Error parsing XSLT file: \xslt\FacebookOpenGraph.xslt Under the Microscope: We talk to Source London's MD, Christophe Arnaud
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Under the Microscope: We talk to Source London's MD, Christophe Arnaud

Date: 21 March 2017   |   Author: Debbie Wood

When TfL and Boris Johnson launched Source London back in May 2011, the city-wide charging network was seen as a global leader in driving forward the electric vehicle revolution.

Now, six years on, the rest of the world is catching up and London's EV charging infrastructure has been left somewhat lagging behind.

Recognising that the network needed more support and expertise to help it grow, the management of Source London was taken over by the Bolloré Group in September 2014, a global company that has already successfully implemented a large EV charging network in Paris made up of over 6,000 charging points.

The division in charge of developing electric solutions here in London is called BlueSolutions and, led by managing director Christophe Arnaud, has ambitious plans to accelerate the charging infrastructure in the capital and put London back on the map for electric vehicle mobility.

Getting the foundations right

In 2014 Source London was made up of just 460 charging points, but before the network could be expanded, Arnaud and his team needed to make sure the current infrastructure was updated and working as it should be. This was a key challenge as there were a number of inconsistencies across London where early units had been fitted and then not regularly maintained, or were no longer powerful enough to facilitate the latest electric cars.  

"The very first step since we took over in 2014 was to fix and improve the reliability of the network," Arnaud tells BusinessCar. "So far that first phase has been almost done and we are now expanding the network."

Arnaud admits that there were lots of frustrations with EV users because the service was temperamental and the spread of charging points was uneven. However, these early concerns are already starting to disappear and the installation of more modern and powerful units across the city means they are now more fit for purpose.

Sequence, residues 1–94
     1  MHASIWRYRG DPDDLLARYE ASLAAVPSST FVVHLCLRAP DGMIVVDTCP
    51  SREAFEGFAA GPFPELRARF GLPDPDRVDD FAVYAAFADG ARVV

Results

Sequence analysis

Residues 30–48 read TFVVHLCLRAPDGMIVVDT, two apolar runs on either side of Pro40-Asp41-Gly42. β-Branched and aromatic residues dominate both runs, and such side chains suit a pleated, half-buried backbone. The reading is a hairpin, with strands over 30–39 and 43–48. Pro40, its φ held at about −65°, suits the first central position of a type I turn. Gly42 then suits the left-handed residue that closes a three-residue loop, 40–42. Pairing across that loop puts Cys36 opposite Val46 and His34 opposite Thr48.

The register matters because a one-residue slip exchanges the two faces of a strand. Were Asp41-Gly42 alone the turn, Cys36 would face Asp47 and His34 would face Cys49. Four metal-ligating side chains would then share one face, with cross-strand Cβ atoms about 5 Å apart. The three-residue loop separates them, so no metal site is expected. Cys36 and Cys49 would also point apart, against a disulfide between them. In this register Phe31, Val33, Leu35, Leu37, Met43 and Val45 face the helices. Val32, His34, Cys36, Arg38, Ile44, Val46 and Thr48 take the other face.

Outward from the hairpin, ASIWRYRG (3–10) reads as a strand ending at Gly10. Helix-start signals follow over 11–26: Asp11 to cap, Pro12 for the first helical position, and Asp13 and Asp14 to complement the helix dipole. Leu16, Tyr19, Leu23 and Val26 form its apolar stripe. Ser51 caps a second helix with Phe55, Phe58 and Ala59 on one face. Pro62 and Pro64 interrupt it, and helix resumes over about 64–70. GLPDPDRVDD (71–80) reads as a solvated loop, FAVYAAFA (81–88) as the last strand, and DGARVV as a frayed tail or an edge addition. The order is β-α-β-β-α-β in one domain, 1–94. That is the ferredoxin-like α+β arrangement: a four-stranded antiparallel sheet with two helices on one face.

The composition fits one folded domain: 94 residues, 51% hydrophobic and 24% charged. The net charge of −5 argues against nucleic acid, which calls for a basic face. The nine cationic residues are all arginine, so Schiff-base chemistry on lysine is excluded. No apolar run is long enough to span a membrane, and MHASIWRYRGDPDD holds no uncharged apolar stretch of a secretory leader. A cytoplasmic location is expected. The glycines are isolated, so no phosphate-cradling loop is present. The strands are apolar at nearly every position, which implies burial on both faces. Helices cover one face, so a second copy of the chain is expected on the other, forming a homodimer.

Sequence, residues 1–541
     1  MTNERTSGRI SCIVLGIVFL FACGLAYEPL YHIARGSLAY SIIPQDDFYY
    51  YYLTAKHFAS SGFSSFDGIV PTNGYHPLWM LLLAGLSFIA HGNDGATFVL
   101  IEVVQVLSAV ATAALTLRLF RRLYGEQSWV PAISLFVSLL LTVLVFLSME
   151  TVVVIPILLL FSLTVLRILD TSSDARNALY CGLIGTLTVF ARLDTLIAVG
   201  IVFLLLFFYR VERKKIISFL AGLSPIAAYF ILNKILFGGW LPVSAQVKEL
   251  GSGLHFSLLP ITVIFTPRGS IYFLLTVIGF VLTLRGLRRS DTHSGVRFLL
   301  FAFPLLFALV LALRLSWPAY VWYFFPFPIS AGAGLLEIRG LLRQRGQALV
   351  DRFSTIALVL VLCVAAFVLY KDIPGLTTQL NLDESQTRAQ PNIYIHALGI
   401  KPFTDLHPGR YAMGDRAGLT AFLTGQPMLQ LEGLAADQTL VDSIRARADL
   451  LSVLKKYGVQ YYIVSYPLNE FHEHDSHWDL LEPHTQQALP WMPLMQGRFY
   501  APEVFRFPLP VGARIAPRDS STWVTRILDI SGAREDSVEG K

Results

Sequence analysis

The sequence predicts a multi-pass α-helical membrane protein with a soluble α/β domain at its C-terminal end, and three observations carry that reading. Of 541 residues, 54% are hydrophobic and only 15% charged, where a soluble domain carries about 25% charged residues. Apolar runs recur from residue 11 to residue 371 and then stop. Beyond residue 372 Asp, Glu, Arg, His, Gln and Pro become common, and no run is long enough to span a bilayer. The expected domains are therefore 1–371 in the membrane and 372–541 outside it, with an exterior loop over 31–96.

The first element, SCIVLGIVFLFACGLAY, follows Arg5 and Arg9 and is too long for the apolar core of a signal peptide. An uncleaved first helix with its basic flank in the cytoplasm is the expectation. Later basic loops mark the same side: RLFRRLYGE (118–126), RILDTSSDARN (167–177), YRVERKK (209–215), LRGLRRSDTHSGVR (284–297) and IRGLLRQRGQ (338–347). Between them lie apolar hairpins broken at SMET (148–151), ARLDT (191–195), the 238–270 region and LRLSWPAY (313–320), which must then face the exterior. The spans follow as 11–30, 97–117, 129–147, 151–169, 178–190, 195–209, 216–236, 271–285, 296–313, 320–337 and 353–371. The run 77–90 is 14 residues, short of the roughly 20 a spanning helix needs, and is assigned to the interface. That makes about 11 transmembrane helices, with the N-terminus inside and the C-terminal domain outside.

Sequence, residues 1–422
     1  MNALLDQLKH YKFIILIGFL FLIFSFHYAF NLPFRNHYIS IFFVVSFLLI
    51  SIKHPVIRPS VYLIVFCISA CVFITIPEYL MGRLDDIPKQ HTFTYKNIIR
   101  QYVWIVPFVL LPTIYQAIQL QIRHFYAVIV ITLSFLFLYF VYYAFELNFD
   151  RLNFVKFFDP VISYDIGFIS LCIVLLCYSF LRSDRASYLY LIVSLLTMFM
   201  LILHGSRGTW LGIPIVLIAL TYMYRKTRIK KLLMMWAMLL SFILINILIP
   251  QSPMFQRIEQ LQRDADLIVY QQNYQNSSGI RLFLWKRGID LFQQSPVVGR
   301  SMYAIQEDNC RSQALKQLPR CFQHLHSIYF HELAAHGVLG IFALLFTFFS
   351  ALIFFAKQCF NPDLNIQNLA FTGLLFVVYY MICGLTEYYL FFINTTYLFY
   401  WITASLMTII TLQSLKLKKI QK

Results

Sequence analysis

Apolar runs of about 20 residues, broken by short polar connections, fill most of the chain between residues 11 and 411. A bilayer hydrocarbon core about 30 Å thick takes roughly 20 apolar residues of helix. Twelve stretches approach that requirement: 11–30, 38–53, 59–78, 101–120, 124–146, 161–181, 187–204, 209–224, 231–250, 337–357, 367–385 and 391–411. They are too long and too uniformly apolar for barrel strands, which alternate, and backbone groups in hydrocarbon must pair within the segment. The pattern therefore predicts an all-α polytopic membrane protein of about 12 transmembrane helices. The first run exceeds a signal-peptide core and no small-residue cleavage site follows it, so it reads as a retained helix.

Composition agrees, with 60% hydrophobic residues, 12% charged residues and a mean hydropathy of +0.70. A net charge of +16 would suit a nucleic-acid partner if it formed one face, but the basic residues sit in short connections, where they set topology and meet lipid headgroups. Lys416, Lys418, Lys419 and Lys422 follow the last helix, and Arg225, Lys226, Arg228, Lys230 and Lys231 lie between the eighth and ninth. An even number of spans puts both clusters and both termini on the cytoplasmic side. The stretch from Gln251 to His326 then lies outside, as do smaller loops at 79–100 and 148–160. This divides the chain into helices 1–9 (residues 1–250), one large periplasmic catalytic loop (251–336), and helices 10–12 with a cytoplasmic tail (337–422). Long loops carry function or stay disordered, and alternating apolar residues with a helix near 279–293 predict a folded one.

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"The service customers can get now has changed and in six months' time it will be better again. Thanks to improvements to technology, the issues they were facing will no longer exist," he says. "We want to make EV charging as seamless as possible."

The Source London app is also being constantly developed. It enables users to find available charging points in real time, book a bay for up to 40 minutes in advance, and details the points that are under construction or coming soon.

When the firm took over from TfL the network was working at a 60% availability rate. This has now improved to as high as 98% in some areas and the investment made into regular maintenance and updating the current points has been key to driving this improvement.
Working with local authorities is important as not all areas in London have had any charging infrastructure installed. The company currently works with 17 of the 32 London boroughs, a figure Arnaud and his team is working to increase.

"It was very complicated in the beginning to convince boroughs to install charging points, so we needed to start slowly. People have more confidence to move to an EV when they can see the charging infrastructure and start to use the bays, then uptake increases and we can expand," Arnaud explains.

Challenging road network